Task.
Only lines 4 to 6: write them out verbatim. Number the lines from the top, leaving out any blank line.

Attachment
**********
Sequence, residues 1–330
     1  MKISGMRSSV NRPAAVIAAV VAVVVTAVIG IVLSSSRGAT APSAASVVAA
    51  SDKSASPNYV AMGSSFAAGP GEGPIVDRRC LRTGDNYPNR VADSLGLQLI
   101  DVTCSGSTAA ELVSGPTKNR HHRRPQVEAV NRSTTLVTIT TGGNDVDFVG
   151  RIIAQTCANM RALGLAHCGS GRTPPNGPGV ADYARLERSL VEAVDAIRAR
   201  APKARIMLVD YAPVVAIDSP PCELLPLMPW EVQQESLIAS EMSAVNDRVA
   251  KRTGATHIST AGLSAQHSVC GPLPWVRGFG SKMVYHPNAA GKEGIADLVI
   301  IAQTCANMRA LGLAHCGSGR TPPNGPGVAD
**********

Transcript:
   101  DVTCSGSTAA ELVSGPTKNR HHRRPQVEAV NRSTTLVTIT TGGNDVDFVG
   151  RIIAQTCANM RALGLAHCGS GRTPPNGPGV ADYARLERSL VEAVDAIRAR
   201  APKARIMLVD YAPVVAIDSP PCELLPLMPW EVQQESLIAS EMSAVNDRVA